The Bernie Sanders Media Network is Doing Well

An encouraging sign that issues of real importance are gaining more attention, especially considering the outsized influence corporate mass media still has in promoting nonsensical trivialities.

The Vermont senator, who’s been comparing corporate television programming to drugs and accusing it of creating a “nation of morons” since at least 1979 — and musing to friends about creating an alternative news outlet for at least as long — has spent the last year and a half building something close to a small network out of his office in the Dirksen Senate Office Building on Capitol Hill.

He understands, but resents, the comparison to the man who’s described the news media as the “enemy of the people.” His take is different, and he has his own plans. “[Am I concerned] that people might see me and Trump saying the same thing? Yes, I am,” Sanders conceded, leaning back in a leather chair in a conference room in his office on a recent Tuesday, as footage of Mark Zuckerberg’s testimony one building over played on TVs throughout his office. Wearing his standard uniform — long tie, jacket in need of a few swipes with a lint roller — he launched into the critique now familiar to anyone who’s watched one of his rallies. “My point of view is a very, very different one. My point of view is the corporate media, by definition, is owned by large multinational corporations: their bottom line is to make as much money as they can. They are part of the Establishment. There are issues, there are conflicts of interest in terms of fossil fuel advertising — how they have been very, very weak, in terms of climate change.” Needless to say, the content he produces is not sponsored by advertisers.

Sanders hosts an interview show (“The Bernie Sanders Show”) that he started streaming over Facebook Live on a semi-regular basis after his staff got the idea in February of 2017 to film the senator chatting with the activist Rev. Dr. William Barber. After they posted that simple clip and it earned hundreds of thousands of views with no promotion, they experimented with more seriously producing Sanders’s conversation days later with Bill Nye.

[…]

Things escalated. Audio recordings of his conversations, repackaged as a podcast, have since occasionally reached near the top of iTunes’ list of popular programs. Sanders’s press staff — three aides, including Armand Aviram, a former producer at NowThis News, and three paid interns — published 550 original short, policy-focused videos on Facebook and Twitter in 2017 alone. And, this year, he has begun experimenting with streaming town-hall-style programs on Facebook. Each of those live events has outdrawn CNN on the night it aired.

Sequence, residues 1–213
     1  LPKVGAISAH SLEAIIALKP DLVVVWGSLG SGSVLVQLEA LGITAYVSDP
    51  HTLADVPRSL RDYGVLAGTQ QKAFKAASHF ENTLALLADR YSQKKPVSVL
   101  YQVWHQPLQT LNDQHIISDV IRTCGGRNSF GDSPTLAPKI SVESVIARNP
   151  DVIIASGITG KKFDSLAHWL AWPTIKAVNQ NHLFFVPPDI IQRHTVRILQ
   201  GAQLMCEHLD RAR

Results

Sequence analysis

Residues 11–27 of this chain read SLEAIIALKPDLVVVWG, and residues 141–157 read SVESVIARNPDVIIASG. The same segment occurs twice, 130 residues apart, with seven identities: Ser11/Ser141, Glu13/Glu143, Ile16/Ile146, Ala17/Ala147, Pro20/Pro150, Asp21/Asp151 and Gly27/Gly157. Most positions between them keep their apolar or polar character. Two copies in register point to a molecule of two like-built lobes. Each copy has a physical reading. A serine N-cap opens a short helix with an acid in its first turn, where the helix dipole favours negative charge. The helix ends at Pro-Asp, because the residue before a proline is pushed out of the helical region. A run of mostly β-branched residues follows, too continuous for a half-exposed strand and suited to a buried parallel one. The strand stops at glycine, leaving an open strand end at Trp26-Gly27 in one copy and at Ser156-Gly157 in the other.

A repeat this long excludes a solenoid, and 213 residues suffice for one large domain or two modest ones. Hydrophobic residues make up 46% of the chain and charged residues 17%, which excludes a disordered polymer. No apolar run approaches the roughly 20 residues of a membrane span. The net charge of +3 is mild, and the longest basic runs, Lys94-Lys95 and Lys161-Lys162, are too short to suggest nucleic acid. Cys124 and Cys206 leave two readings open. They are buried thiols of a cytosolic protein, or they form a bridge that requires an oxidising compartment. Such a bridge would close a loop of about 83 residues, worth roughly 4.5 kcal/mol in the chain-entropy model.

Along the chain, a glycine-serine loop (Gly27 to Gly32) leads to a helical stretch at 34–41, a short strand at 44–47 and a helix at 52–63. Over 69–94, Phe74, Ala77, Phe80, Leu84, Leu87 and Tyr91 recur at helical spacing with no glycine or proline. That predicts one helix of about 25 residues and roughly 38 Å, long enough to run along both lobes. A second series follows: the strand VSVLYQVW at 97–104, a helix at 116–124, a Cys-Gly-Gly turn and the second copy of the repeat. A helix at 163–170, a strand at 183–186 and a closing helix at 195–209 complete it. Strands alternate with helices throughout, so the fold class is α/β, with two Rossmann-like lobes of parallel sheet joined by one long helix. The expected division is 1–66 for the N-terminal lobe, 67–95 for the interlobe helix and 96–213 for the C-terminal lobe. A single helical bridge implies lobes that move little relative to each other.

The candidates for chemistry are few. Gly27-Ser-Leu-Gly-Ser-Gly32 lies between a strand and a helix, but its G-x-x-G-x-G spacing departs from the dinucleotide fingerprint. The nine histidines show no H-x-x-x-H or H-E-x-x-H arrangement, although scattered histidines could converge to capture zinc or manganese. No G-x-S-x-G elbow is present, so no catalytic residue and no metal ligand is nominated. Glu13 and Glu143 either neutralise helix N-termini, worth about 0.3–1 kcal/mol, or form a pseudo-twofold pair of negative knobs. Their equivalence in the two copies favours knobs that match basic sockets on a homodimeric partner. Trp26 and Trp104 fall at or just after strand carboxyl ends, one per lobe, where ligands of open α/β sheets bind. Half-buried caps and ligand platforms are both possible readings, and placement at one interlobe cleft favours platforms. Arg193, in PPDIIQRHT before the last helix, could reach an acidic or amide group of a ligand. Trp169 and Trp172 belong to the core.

“The idea that we can do a town meeting which would get a significantly larger viewing audience than CNN at that time is something I would not have dreamed of in a million years, a few years ago,” Sanders says.

[…]

“Because people turn on the television, and they’re working longer hours for lower wages, they don’t have health care, their kids can’t afford to go to college, and they’re watching TV: ‘Hey! What about me? You know, I don’t care that Trump fired somebody else today, what about my life or my kids’ lives?’ So what we do, is we look at media in a different sense, we try to figure out what are the issues that impact ordinary people, and how can we provide information to them?”

Economic Policy Institute Head Steps Down

Working with Jared Bernstein, Larry Mishel is the originator of the famous graph that shows the split between productivity and wages. Mishel is also notable for helping some important and good economists early in their careers. He’s therefore one of the people I am willing to give a tribute to on this site.

WHEN LAWRENCE MISHEL came to Washington during the height of the Reagan revolution, the options for a young leftist economist looking to make a difference were nearly non-existent.